We’re entering the time of year where we reflect on what we’re grateful for and spend time with people we love the most. This Thanksgiving season, many of you may be traveling to visit loved ones. Traveling may bring anxiety for some, especially for parents who have children with special needs.
Here’s some tips for parents of children with special needs for car and air travel this holiday season.
1. HAVE YOUR CHILD CARRY A GO-BAG
Therapists at The Warren Center recommend your child carry a go-bag. They can use their usual backpack and fill this go-bag with snacks, toys and activities. Let them be in control of the bag and keep an eye on it.
Here’s what you can pack in the go-bag:
- Pack lots of snacks and prepared meals for your trip. Portion them out in easily accessible containers and let your child have some control over the choices. Click here to view snack boxes that contain four compartments for food, which are sold on Amazon.
- Include on-the-road activities, such as DIY Lego containers, dry erase boards and books, such as Mad Libs. You can pack a coloring book to keep children occupied or a sketchbook and pencils so that children can draw things they see on the trip.
- Feel free to bring a tablet or other devices that has music and videos (but this should not be the only item for a child to have on a road trip). You can also bring over-the-ear headphones or earmuffs.
- For younger children, make sure you have plenty of diapers and wipes on hand. Also bring extra clothes in case of an accident.
- The best travel toys for babies are ones they can easily grasp and suck or chew on, according to Baby Can Travel. These can include a teething necklace, teether toys, shape sorters, stack-up cup toys, and more. Click here to view a list of good travel toys for babies.
- Pinterest is a great resource to learn of items you can add to your go-bag. Click here to learn more.
2. HAVE A ROUTE MAPPED OUT THAT INCLUDES REST BREAKS
If it’s a child’s first trip away from home, experts recommend trying to keep the trip to less than an hour in the air or on the road, and if it’s by car, they recommend having rest areas mapped out.
You should prepare extra time during your road trip for children. According to experts with the American Society for the Positive Care of Children, consider adding on at least 10 percent more time per child. With children, you’ll likely be taking more breaks to go to the restroom or eat some snacks. The Road Trip Expert taking a break of a minimum of 15 minutes for every two hours of driving.
Here’s what to do during a rest break on road trips:
- Give children time to run around and stretch their legs. This will allow them to get out their excess energy while exploring an unfamiliar space. This will also help tire your little one out before the next stretch of driving. You can take a brisk walk, do some jumping jacks, and touch your toes with your child to get muscles moving.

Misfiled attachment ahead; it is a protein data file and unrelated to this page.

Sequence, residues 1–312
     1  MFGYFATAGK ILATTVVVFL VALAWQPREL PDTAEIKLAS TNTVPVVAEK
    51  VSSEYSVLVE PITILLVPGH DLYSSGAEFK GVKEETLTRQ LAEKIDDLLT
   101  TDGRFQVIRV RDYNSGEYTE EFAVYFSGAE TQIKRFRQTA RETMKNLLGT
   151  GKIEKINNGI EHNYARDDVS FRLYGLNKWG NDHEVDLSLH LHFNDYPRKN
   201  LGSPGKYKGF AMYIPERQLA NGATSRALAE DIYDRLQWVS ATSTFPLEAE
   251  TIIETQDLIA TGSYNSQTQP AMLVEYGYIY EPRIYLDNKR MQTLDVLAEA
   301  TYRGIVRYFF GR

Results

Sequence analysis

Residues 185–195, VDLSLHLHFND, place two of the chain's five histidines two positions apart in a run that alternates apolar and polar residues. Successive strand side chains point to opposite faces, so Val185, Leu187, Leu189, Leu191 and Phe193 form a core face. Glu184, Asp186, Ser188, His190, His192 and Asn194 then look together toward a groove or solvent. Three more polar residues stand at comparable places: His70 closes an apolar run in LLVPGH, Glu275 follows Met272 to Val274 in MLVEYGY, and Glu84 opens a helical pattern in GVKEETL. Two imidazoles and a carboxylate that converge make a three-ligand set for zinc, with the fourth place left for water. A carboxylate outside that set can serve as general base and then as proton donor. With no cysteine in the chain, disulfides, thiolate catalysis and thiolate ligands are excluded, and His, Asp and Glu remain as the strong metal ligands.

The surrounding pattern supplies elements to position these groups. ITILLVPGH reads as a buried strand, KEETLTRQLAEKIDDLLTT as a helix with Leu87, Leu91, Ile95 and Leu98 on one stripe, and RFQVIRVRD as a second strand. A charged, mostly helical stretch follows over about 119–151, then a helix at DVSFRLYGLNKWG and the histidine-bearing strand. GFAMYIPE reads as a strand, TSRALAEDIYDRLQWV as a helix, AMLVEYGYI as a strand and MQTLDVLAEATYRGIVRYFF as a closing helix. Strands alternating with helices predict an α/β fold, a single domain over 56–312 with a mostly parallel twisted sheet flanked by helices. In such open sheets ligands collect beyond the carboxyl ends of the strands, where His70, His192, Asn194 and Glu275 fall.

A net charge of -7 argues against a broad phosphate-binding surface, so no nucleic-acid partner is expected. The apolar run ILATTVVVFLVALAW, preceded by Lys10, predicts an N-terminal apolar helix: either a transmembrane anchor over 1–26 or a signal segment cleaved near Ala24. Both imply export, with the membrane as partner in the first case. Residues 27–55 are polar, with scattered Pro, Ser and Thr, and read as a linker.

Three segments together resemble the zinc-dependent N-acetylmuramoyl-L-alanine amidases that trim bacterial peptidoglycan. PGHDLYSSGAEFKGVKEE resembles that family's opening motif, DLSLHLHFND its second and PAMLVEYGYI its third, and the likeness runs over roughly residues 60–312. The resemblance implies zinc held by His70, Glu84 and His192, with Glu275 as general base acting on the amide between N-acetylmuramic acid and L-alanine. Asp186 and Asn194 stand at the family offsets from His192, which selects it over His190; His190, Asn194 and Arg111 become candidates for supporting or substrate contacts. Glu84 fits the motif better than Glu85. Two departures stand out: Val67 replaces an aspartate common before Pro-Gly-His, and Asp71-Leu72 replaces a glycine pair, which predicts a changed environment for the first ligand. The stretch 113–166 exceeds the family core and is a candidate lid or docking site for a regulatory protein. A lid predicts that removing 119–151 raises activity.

- Take time to explore roadside attractions. The Road Trip Expert says having mini destinations before your actual destination is a good way to incorporate breaks without feeling like you’re losing time, and you may learn a thing or two with your child.
- Play a quick game with your child. You can play a board game or bring a ball to throw or kick around.
- For babies, experts recommend planning your rest breaks when your child is awake and driving during their typical nap time.
- During rest breaks, stretch and massage your baby. Like adults, babies’ muscles can get stiff and sore after a long car ride.
- Take restroom breaks.
3. IF YOU’RE FLYING, CONTACT YOUR AIRLINE FOR SPECIAL ACCOMMODATIONS
TSA has a protocol that allows for special accommodations for children under 12 years old, regardless of ability level. Click here to learn more about these accommodations.
Autism Speaks wants parents to know that you can also let your airline know in advance that you will need assistance. For example, you may be able to request certain seats. It works better if you call rather than booking online.
Before boarding, notify the gate agent if you wish to board early. All families with children ages 6 and under are able to pre-board. Families of individuals with special needs may be able to get on first. You can also let the flight staff know so they can help if needed.
According to MiniTime, a travel blog for families, prepare your child for what will happen when you go through security. You can create a home activity that runs through TSA procedures. You can also practice what it’s like to find your departure gate, to get on the plane, to find your seat belt, and to spend time onboard.
Experts recommend packing one diaper per hour of flight time for babies. Be sure to pack wipes and a change of clothes, too.